The war of words between Republicans and Democrats over who is better qualified to shepherd the nation's security escalated Monday as the two presidential campaigns traded new attacks on the issue.
Speaking in Missouri, Vice President Dick Cheney said that John Kerry “has given us ample grounds to doubt” his judgment on national security.
Democrats were quick to respond. “Call off the Republican attack dogs,” DNC Chairman Terry McAuliffe told reporters in Washington.
But half a country away, Cheney told a friendly crowd at Westminster College that Kerry wavered in views to oust Iraqi leader Saddam Hussein as well as the strength of the Persian Gulf war coalition built by President Bush’s father.
The vice president dug up several quotes in which Kerry supported the removal of Saddam Hussein and praised the effort of the first Bush president. The vice president also criticized Kerry for supporting military budget and intelligence cuts during his four terms as Massachusetts senator.
“In his years in Washington, Senator Kerry has been one vote of 100 in the U.S. Senate and fortunately on matters of national security, he was often the minority. But the president always casts the deciding vote and the senator from Massachusetts has given us ample grounds to doubt the judgment and the attitude he brings to bear on vital issues of national security.”
Cheney’s speech coincides with a $10 million television advertising spree by Bush’s re-election campaign, starting this week, that seeks to portray Kerry as weak on national security. Other Bush ads have questioned the Massachusetts senator’s fitness for the presidency because he voted against a $87 billion funding measure for U.S. troops in Iraq. Bush, Kerry has said, threatened to veto the bill.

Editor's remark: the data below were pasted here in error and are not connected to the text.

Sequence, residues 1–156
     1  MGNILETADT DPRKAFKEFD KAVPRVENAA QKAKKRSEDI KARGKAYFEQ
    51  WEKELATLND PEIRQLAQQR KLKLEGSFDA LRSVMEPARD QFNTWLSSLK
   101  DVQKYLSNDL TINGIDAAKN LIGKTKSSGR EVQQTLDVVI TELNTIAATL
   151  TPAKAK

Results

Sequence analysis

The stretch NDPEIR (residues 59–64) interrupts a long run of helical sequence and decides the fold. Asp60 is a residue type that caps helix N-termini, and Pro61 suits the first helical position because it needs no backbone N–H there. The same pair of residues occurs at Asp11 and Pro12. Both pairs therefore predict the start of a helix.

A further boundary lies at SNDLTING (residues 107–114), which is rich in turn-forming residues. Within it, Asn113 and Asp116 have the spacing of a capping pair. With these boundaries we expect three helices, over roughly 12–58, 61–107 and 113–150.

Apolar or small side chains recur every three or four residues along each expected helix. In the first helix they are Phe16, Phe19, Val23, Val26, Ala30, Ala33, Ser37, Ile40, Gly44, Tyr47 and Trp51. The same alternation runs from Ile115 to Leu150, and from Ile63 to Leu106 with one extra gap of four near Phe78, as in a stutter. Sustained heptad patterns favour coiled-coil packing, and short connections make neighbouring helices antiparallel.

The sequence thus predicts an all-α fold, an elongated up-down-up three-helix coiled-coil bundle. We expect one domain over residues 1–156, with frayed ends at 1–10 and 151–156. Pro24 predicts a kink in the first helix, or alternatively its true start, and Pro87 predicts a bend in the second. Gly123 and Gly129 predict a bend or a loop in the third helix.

'Misleading ad campaign'
“George Bush has sent Dick Cheney to kick off a misleading ad campaign attacking John Kerry’s commitments to defending America. And Dick Cheney is still able to stand by with a straight face and watch these attacks unfold,” McAuliffe said during a news conference.
“The American people have better things to do with their time than listen to more misleading attacks from a man who has been misleading them from the day he took office,” McAuliffe said.
A spokesman for the Bush-Cheney campaign, Steve Schmidt, responded that McAuliffe has “a staggering lack of credibility” on the issue.
“During the height of the Cold War John Kerry advocated canceling the critical weapons systems that helped win the Cold War and are still being used to win the war on terror,” Schmidt said. “After the fall of the Berlin Wall, Vice President Cheney helped transform the military from the Cold War era to the 21st century military that serves America today.”
In a preview of his news conference, McAuliffe said Sunday that Cheney has “zero credibility” when it comes to criticizing Kerry’s national security credentials. Cheney as secretary of defense had proposed cuts to weapons programs being used by U.S. troops in Iraq, McAuliffe said.
A salvo at Cheney
Cheney, who was defense secretary from 1989-1992, “tried to kill” more than 81 weapons programs, including M-1 tanks, Apache helicopters, F-16 fighter planes and B-2 bombers, McAuliffe said. He also pushed for closing more than 70 domestic military installations, and reducing the size of the military by 500,000 active duty personnel and 200,000 reservists, McAuliffe said.
On Tuesday, the Supreme Court hears arguments in a case seeking to force the disclosure of members of Cheney’s energy task force. Bush and Cheney testify together and in private Thursday before the independent commission investigating the Sept. 11 terrorists attacks.
Saturday marks the first anniversary of Bush’s visit to the deck of the USS Abraham Lincoln, where, under a giant banner proclaiming “Mission Accomplished,” he declared the end of major combat in Iraq. Most of the more than 700 U.S. troops killed in Iraq lost their lives after Bush’s May 1, 2003, declaration.